What it Takes to be a Successful International Attorney

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We reached to international attorneys and those who work with them from all over the world and asked them what it takes to be a successful international attorney. We wanted to share what they had to say with you. We hope you benefit from their insights as much as we did.
 

What it Takes to be a Successful International Attorney
I am an international attorney from the US, but am currently working at a law firm in Brazil. Before moving to Brazil, I was a member of the global practice group at Greenberg Traurig in Miami, Florida, where I advised clients on cross-border transactions in Latin America.

To gain what I deemed was the necessary "international" experience, I chose to leave the United States and join a local law firm in Brazil. In my opinion there is no better way to truly understand the business and legal landscape of a place than to live there. Every day I advise US based clients doing business in Brazil. I could not possibly do so without having spent time there myself.

Greg Barnett
 

I am not an attorney, but I sometimes work with law firms in my role as principal of Syntaxis, a New York-based communication skills training firm. I have thought a great deal about jobs in multilingual settings, such as international law or nursing. Foreign-language skills are unbelievably helpful for these two roles - a great patient/client relationship management tool. Too few people in this country value such skills sufficiently.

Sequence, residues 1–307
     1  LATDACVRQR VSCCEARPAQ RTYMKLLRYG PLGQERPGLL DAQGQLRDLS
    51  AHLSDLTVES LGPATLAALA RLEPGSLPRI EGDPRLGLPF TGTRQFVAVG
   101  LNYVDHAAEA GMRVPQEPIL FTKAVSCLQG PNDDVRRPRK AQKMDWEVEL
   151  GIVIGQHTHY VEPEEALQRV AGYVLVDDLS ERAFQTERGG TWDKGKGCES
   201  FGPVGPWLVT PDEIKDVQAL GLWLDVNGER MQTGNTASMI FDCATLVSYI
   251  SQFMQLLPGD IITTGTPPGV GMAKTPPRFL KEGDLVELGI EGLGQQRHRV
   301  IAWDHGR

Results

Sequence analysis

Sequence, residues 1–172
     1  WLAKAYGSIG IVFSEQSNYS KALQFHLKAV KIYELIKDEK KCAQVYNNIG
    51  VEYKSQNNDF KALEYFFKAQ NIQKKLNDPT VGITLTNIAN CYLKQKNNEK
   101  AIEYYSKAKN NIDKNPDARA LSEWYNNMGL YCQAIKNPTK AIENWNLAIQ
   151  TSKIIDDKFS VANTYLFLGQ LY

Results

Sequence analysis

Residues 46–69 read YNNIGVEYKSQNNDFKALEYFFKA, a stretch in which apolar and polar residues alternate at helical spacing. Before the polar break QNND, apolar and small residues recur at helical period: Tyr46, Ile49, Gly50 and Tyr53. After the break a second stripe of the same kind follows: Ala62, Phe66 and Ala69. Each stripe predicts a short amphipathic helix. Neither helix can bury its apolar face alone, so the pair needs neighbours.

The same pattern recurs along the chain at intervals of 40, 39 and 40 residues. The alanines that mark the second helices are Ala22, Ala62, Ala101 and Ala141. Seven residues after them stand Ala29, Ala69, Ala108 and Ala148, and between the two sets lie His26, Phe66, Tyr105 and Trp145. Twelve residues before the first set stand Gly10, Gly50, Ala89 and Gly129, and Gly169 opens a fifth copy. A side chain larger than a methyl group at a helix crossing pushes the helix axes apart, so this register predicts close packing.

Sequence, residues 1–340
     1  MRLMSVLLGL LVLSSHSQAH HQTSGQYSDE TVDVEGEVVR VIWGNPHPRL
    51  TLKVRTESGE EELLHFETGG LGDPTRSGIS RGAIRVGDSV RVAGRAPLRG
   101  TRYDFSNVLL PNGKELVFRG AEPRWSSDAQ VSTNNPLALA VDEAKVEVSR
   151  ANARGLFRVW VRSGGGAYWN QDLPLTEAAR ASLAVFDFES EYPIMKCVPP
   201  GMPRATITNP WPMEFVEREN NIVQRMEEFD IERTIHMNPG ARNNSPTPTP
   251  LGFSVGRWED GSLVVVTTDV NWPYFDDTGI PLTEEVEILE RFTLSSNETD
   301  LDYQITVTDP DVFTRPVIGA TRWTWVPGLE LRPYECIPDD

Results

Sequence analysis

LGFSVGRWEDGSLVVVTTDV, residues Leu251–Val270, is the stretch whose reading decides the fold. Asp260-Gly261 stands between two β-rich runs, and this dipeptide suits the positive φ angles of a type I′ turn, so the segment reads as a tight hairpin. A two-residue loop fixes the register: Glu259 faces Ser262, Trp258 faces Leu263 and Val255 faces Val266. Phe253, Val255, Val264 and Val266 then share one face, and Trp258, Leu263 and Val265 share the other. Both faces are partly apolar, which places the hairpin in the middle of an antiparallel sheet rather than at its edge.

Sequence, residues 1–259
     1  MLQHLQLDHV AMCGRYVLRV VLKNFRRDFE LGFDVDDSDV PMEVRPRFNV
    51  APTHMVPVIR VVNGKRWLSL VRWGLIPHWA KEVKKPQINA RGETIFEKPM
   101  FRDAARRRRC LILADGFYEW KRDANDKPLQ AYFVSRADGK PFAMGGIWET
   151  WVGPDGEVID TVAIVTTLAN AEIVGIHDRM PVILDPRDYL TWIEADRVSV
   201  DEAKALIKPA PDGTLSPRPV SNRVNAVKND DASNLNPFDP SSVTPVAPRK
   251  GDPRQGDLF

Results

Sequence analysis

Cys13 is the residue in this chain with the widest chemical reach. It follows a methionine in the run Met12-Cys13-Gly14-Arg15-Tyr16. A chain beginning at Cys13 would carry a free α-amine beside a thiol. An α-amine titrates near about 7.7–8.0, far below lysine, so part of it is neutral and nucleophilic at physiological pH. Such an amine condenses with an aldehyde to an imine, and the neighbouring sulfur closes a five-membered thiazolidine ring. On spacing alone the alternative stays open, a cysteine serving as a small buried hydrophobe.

To remedy this problem, I have dedicated the past four years to studying 17 languages on my own, along the way writing hundreds of reviews of teach-yourself language-learning resources. Those reviews are collected on my language-learning website.

Language skills make a genuine and meaningful difference in understanding people from other countries.

Ellen Jovin
Writer
Words and Worlds of New York
New York, New York
 

Developing an international practice is easier than ever, in some ways, thanks to the internet. My website, www.InternationalChildCustody.com is a source of many leads and clients. As a legal resource for people who need information about the Hague Convention on International Child Custody it provides explanations, that positions me as an expert legal resource to desperate parents.

When providing international legal services they need to be targeted to the clientele, but you must be culturally and linguistically aware of the societal differences. For example, one of the many types of family law cases my firm handles are domestic violence restraining orders, but other jurisdictions refer to them as "spousal protection orders." There is also the cultural awareness of what is acceptable in one culture, may not be accepted practice in another. So taking the time to develop a deeper understanding of a culture is crucial to fostering the client attorney relationship, and the attorney/attorney relationship when working with local counsel.

Part of the excitement of international law is working with local counsel but it requires the ability to think conceptually since definitions are not always equivalent. One must be able to take the essence of the law you know, and listen to local counsel to find an analogue in order to move a case forward and to develop strategies. We had a case last year that involved Singapore, Thailand and the United States. Coordinating the conference calls was an exercise in mental gymnastics logistically and culturally, since the difference attitudes towards parenting and divorce in all three countries had similarities, but also some big conflicts.